06-14-2013 04:39 PM
Hello Everyone. I have recently upgraded from Windows Xp to Windows 7 (I know it's very late for this, but such is life).
Anyways, I have several datafiles that are approximately 44,000 rows, and around 80+ columns. However, 6 of these columns are character 32,000 in length (and need to be). On the old xp machine, I Could run the following code successfully.
proc sort data=olddata out=newdata;
by key1 key2 key3;
However, when I try to run the exact same code on my windows 7 machine, it shoots the memory usage up to 100%, and it locks out my computer so I am forced to do a hard-boot. One thing I have noticed (in both xp and windows 7) is that if you specify the Compress=yes option, along with the Tagsort option (like follows), then the sort runs significantly faster (2+ hours into ~18 seconds on XP, and Not running at all down to only 6.5 seconds on Windows 7). Furthermore, instead of shotting my memory from 1.7 gigs to 4 gigs (maxing out) on windows 7, when I specify tagsort my memory only goes from 1.7 gigs to 1.8 gigs.
proc sort data=olddata out=newdata tagsort;
by key1 key2 key3;
So it is quite obvious on windows 7 that tagsort is drastically reducing the amount of memory used by the sort procedure.
MY question for this is why? According to online documentation the tagsort option is useful when there is not enough disk space to sort a large sas data set... My computer has over 400 Gigs of free space on the hard-drive, and it seems like memory is the real-choke point within the system, not the disk space (unless I am misunderstanding what Sas Disk Space means).
Online documention also states that processing time may be much higher with tagsort, however I have never come across a single dataset over 5,000 observations in which the tagsort has done anything except significantly improve performance.
Could anyone explain what the tagsort option is doing different from the base sort option, or link to a paper that talks about the memory reduction it employes? Or simirlarly, if anyone knows why SAS on windows 7 (just a local machine install) uses ALL of the memory of your computer and locks out the machine, when the same function does not does this on XP, the information would be greatly appreciated!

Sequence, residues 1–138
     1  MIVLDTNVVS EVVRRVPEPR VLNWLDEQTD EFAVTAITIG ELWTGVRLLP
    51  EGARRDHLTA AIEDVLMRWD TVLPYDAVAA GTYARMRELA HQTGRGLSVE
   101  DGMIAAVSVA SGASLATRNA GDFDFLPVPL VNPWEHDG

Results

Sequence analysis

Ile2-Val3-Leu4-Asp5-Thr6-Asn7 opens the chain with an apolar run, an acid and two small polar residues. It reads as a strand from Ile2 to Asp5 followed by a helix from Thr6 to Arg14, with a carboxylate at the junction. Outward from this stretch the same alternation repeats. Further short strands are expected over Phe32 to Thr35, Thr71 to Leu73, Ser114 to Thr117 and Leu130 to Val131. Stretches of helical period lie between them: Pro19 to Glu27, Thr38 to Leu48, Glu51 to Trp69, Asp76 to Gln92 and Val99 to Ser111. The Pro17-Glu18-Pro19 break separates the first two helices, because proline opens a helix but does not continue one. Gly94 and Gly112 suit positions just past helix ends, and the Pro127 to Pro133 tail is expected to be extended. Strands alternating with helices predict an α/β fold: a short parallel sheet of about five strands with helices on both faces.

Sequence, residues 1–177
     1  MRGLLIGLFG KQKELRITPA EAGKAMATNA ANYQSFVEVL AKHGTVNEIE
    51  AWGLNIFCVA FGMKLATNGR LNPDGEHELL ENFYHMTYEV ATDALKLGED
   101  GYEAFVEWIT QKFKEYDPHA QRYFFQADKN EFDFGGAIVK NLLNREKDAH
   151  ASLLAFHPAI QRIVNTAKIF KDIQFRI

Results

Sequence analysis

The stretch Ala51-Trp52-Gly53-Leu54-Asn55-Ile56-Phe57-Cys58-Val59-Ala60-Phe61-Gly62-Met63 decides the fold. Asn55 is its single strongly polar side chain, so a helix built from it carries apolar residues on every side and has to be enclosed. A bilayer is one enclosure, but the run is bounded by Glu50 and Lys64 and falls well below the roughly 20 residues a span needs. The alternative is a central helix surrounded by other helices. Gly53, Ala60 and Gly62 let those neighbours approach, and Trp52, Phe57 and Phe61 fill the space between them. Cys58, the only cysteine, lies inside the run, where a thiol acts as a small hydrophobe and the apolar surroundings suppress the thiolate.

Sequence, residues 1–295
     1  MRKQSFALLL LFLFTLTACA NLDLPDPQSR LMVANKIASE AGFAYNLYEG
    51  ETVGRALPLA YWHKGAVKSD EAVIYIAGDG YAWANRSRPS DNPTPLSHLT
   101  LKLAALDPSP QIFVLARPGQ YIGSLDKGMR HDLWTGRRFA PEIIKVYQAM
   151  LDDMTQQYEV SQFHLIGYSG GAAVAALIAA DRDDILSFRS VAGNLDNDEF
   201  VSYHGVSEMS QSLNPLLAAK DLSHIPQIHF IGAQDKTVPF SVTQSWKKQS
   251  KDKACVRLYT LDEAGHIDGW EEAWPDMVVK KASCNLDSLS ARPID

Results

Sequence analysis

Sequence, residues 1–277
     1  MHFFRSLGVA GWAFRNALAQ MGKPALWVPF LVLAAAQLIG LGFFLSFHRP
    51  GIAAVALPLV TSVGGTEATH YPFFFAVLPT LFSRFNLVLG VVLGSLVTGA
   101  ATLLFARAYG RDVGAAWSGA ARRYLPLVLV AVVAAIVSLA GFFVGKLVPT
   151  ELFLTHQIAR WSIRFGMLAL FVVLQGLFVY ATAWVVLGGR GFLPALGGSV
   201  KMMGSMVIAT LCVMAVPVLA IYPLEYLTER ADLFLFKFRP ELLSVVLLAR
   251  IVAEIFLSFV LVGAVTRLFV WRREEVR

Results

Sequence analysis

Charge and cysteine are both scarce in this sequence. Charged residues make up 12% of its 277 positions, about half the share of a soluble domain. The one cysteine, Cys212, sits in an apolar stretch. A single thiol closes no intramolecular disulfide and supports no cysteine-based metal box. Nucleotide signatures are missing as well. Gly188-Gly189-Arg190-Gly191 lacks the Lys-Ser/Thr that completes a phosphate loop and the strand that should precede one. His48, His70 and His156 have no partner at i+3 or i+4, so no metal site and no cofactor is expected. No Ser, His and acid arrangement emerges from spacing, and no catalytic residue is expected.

Thanks again community!
06-14-2013 05:08 PM
What tagsort basically does is to split the keys from the rest of the record, sorts the key part, and then "join" the result with the rest of the record using tags as a key. Usually works good on wide record data. Not so fast on tables with shorter record length.
06-28-2013 05:03 PM
Hiya Linus. I am aware that this is what the tag-sort option does. THe isuse I have is that multiple sources often say this is not a good option to use because it increases the memory and thus the clock time of your programs.
The issue Is I have had nothing but the exact OPPOSITE effect. I have never found a single dataset to which the tagsort was not an efficiency gain of at least 20-80% in Time if at least 1 columns was a varchar (1) or greater (which is pretty much every dataset).
Perhaps the documentation online needs to be simply updated to note that tagsort is almost always a good idea in reducing program clock time.
06-28-2013 10:12 PM
Your example is exactly the type of dataset that tagsort is intended for. Unless you are sorting by the 32,000 character strings the keys will be orders of magnitude smaller than sorting the full records. Did you try it where the keys made up 80-90% of the size of an observation?
07-01-2013 10:23 AM
Hello Tom. I have not, however I have made datasets that are all numerics (say 20-30 flags), with 1 key that was a varchar (person name), and even sorting by persons name using this method resulted in about a 15% time reduction.
That is what was strange to me. I guess the end solution is good news, as I'm likely going to make this option the default when writing macro's for the rest of the company.
07-01-2013 11:24 AM
That also looks to me like data that would benefit from using key sort. 20-30 numeric variables will take 160 - 240 bytes. A variable to store a person name is probably only 20 or 30 bytes.